Meet Ananya Tadikonda, a kuchipudi dancer and also from Maryland. She and her brother both practice Kuchipudi.
1, How old are you and what do you do? (grade/school/college)
I am 18 years old, and a 12th grader at Richard Montgomery High School in Rockville, Maryland. Next year, I will be attending the University of North Carolina at Chapel Hill as a Morehead-Cain Scholar, and studying Public Health.
2. When did you start dancing and who are your gurus?
I started dancing in 2006 when I was 4 years old. My guru is Smt. Priyanka Vempati, the wife of Late Kalaratna Guru Vempati Ravishankar. My previous gurus include Kalaratna Guru Vempati Ravi Shankar and Guru Smt. Lakshmi Babu.
3. How do you prep for a dance performance?
I prepare for a dance performance for 3-4 weeks before the performance. Generally, I work with my guru to select a piece that is relevant to the occasion, and then contextualize the performance by reading the meaning online and learning it from my guru. Then, after learning the piece I rehearse it several times, obtaining corrections from my teacher and implementing the corrections, while visualizing the presentation of the piece in the venue I am performing at. In preparing more materially, I prepare my jewellery, costume, and makeup a few nights before the program and pack it all into a suitcase. This way, I will not worry about putting together any items right before the program. On the day of the performance, I balance my meals to ensure that I’m not too hungry or full at the time of the performance. I dress up and try my best to arrive at the venue at least 30 minutes before my performance so that I can have some breathing and prayer time before getting on stage.
4. What’s your favorite dance item or music piece you listen to when you want to connect to dance?
My favorite item by far is the SancharaDhadhara Ashtapadi, choreographed by the great guru Padmabhushan Dr. Vempati Chinna Satyam. The range of emotion and mood in the item allows me to express myself and hone my Abhinaya skills. But the nritta that accompanies this Abhinaya also allows me to balance both crucial aspects of Kuchipudi. The character portrayal is my favorite feature of Kuchipudi, and I love that this item requires the dancer to demonstrate full mastery of that to the extent that the audience can understand as well. I appreciate the choreography, context, story, and the melodious music that sets the scene for this item.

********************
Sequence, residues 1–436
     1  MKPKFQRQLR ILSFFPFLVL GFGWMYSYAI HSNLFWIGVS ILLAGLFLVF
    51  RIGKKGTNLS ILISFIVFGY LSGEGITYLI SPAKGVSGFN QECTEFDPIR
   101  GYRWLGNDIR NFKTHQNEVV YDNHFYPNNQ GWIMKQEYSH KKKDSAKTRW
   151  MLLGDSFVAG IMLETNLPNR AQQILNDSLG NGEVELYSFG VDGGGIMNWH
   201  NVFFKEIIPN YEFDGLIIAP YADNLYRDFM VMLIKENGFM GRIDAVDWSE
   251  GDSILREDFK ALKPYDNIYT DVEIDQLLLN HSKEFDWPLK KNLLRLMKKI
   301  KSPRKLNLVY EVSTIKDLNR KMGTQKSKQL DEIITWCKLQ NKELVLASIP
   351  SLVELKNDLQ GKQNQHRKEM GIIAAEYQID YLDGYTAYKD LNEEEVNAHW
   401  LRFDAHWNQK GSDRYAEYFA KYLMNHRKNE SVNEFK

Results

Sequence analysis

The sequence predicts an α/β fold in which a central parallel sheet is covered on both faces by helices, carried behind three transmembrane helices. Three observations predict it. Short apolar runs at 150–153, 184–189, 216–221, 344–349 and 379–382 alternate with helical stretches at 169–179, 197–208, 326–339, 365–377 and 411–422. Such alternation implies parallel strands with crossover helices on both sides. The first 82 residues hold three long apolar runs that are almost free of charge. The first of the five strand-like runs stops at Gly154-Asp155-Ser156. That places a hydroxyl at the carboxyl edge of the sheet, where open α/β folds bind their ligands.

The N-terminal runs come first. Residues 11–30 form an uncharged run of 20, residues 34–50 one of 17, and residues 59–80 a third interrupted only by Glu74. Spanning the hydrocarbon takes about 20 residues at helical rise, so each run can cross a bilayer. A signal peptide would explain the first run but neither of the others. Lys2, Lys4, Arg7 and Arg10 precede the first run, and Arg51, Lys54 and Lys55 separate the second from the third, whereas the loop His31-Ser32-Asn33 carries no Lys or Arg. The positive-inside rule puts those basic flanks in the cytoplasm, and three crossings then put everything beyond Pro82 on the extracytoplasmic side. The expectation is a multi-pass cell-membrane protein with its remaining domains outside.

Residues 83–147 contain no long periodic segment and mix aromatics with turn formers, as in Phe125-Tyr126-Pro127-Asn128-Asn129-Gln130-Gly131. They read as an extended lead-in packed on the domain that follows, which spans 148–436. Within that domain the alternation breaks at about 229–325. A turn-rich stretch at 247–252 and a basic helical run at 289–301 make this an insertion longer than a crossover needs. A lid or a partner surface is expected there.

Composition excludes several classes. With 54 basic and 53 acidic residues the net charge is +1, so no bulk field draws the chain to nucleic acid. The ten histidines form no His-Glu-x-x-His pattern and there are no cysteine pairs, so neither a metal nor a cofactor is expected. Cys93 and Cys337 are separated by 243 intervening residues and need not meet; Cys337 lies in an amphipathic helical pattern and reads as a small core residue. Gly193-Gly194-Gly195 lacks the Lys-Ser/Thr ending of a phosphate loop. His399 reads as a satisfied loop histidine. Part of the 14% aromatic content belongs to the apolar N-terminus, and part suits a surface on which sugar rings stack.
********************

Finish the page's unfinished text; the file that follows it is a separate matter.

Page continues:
5. How would you describe an amazing dancer and do you have any inspiring role models?
I would describe an amazing dancer as one who exhibits the balance between physical finesse and good Abhinaya skills in their dance. However, I believe this can only be achieved through extensive sadhana and dedication to the art form. This is why my role models in dance are my guru Smt. Priyanka Vempati and Late Kalaratna Guru Vempati Ravishankar. They both embody the definition of “nirantara sadhana” and encourage all of their students to embody the same. Excellence in dance can be achieved only through extensive sadhana and both of these role models for me have spread this message through their teaching. Rather than being concerned with the material aspects that come with the art form, both of them constantly exhibit a commitment to preserving the art form in its traditional state and ensuring that students pick up on the good samaritan value system that should be taught by any guru to their students.
6. How has dancing helped you in other areas? School, friendships and other?
Dancing has helped me develop interpersonal skills and connect with other people. Particularly, in my pursuit of leadership and service in my community, dance has given me the confidence to stand on stage and speak in front of hundreds of people, and to connect with people of vastly different backgrounds than my own. I’ve made many of my best friends through dance class as well. Dance has been a way for me to connect with my family and my roots, and I’m so grateful that my parents saw dance as a vehicle to embed myself in the rich culture I am part of from a young age.
7. In your eyes, what’s your biggest achievement or moment of satisfaction (in dance)?
The most important achievement for me is the moment when my guru says “good”. Even if it is the slightest good, or a pat on the back, the feeling when the guru is proud of your growth is unmatched. They invest so much in our personal growth and development, and for them to feel that this investment has come to fruition is all that is important. Having this feeling motivates me to continue pushing myself and performing at a level that my guru is proud of, because it is when my guru is happy that I feel that I am not only performing well, but also reaching my full potential. I get a similar feeling, not quite as fulfilling but still really great, when my mom tells me she enjoyed my performance. She is quite the critic herself coming from a family of dancers, and is my behind the scenes cheerleader, along with my dad of course.
8. It’s the year 2024 – where do you see yourself in the dance field?
I see myself continuing to spread the art form in the community I am part of at that time. Furthermore, I hope to network with other dancers from a broad range of fields to learn from the greater dance community and use that to help me grow. I hope to continue performing on occasions in community venues, and putting together complete margams for presentation in the traditional format. I also want to work with my brother to preserve Kuchipudi as an art, and present performances as a unique brother-sister pair.